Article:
6. This problem is actually wayyyyy worse in the fitness industry than in the modelling one, (i have many friends who *work in both and even done studies so i'm speaking on facts) and it disgusts me SO MUCH that they're giving the excuse of "no i'm just healthy" and make this seem as if it was a normal healthy way of living but guys almost all of your gym bros have MAJOR eating disorers and you need to realise that, eating disorders doesn't only mean not eating at all or binging

  7. You said you dont expect a gym person to have an ED: i saw a british program where british celebs tried eating junkfood for 3 or 4 weeks(?) to show the effects of it and one of the celebs was a guy obsessed with fitness and clean eating. He was so afraid of eating a bit of junkfood and he would cry trying a pizza. I dont remember his name because i ain't british 😆 I also saw a short documentary about 'fitgirls' and 'gymboys' so obsessed with clean eating that they actualy miss out on a variety of nutrients.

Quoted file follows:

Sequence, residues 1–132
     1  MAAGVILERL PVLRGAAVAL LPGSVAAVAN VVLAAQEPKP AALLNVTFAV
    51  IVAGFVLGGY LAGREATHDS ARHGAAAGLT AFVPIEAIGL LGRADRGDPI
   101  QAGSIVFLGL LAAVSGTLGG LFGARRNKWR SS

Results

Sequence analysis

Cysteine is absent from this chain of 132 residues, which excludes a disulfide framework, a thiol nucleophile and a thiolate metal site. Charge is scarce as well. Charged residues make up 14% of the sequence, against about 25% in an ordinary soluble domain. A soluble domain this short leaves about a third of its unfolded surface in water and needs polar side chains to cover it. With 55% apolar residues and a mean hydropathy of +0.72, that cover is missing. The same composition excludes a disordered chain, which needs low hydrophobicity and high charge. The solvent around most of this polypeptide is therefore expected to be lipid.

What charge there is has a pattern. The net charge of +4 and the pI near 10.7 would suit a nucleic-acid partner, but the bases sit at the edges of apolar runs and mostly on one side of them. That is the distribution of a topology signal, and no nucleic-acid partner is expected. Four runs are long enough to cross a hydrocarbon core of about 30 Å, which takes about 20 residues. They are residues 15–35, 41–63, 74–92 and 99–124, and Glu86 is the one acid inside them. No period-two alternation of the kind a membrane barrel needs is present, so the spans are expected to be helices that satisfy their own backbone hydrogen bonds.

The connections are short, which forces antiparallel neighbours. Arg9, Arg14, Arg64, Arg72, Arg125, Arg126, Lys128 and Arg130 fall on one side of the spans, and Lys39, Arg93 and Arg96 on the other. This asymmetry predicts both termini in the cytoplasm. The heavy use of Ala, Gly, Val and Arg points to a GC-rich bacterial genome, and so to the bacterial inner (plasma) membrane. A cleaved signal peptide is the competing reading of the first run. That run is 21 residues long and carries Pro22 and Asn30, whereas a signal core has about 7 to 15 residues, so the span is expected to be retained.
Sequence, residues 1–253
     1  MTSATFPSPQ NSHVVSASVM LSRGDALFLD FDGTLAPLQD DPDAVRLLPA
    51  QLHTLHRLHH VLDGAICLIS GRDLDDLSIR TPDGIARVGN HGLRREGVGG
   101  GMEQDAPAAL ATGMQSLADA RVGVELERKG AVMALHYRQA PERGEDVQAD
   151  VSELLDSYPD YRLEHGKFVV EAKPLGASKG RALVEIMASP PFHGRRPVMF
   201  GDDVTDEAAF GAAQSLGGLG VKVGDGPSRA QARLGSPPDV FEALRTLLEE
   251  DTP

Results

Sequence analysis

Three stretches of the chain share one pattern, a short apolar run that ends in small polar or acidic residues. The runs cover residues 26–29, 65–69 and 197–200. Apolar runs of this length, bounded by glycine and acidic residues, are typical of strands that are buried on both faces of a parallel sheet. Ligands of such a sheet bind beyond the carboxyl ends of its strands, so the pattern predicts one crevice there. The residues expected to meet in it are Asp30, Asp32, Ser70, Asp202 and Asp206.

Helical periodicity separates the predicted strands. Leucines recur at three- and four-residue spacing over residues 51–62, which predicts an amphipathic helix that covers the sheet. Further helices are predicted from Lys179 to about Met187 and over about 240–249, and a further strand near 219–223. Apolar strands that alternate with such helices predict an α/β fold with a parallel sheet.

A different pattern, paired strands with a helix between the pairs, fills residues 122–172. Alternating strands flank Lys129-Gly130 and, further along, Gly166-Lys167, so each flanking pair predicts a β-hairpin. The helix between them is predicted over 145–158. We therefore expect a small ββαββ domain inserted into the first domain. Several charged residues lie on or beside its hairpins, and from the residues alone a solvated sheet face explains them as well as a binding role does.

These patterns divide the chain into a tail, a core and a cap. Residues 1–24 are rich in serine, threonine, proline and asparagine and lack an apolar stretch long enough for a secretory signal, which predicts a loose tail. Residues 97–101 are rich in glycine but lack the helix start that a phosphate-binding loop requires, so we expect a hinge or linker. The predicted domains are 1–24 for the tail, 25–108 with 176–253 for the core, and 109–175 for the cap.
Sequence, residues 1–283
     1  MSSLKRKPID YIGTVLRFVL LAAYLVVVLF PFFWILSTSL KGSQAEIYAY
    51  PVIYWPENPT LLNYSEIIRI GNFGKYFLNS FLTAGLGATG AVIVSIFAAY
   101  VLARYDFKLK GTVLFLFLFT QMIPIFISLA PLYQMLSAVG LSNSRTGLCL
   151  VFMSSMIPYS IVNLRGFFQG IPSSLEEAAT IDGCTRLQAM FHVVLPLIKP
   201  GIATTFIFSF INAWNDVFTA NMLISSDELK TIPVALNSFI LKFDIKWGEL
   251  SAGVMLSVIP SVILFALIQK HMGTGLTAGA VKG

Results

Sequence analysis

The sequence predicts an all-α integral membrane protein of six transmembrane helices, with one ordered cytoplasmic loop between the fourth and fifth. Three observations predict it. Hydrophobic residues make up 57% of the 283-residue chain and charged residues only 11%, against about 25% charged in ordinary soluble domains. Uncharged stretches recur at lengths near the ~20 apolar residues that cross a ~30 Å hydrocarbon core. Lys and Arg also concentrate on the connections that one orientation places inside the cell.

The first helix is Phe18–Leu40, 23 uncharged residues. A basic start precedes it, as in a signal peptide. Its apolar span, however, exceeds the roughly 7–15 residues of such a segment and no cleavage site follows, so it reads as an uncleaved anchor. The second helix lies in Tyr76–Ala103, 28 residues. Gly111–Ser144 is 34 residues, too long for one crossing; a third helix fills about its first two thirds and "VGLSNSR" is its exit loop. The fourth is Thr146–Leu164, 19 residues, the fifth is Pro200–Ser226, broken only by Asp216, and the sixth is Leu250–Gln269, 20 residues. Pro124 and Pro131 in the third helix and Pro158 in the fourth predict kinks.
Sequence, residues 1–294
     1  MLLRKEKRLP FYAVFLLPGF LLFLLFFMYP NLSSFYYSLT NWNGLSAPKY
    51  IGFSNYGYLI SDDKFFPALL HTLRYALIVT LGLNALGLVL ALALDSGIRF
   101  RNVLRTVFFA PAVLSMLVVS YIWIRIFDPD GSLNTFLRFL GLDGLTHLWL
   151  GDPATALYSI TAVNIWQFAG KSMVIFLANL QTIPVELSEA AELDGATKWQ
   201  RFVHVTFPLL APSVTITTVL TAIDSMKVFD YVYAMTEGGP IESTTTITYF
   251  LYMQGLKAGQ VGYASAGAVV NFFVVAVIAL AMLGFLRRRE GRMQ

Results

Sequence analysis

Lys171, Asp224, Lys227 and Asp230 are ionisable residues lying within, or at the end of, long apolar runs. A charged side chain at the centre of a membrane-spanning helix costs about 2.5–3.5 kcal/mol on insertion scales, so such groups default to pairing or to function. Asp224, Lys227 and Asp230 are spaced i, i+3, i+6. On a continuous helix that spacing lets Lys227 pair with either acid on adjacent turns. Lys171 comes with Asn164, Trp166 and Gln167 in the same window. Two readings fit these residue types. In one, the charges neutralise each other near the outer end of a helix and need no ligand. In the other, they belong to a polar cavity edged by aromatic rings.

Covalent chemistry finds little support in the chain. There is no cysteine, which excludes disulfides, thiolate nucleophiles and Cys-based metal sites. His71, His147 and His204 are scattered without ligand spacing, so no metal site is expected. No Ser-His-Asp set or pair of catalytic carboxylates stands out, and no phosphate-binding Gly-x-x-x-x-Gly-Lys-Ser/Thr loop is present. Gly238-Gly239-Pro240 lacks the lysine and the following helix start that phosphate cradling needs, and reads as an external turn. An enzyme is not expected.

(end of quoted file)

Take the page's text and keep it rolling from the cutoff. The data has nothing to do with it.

8. It's like pregnancy shoots, sooooo many are regular models with padding 'fake bumps'. It's pretty common and a few people have spoken out about it. It's pretty mind-blowing but just one of those everyday ways that industries create shady marketing materials/ perpetuate unrealistic beauty standards.

  9. People, beauty standards are meant to be unattainable! How else would the beauty industry make money out of healthy, happy and content individuals? For those people nothing can be marketed and sold, they are not customers!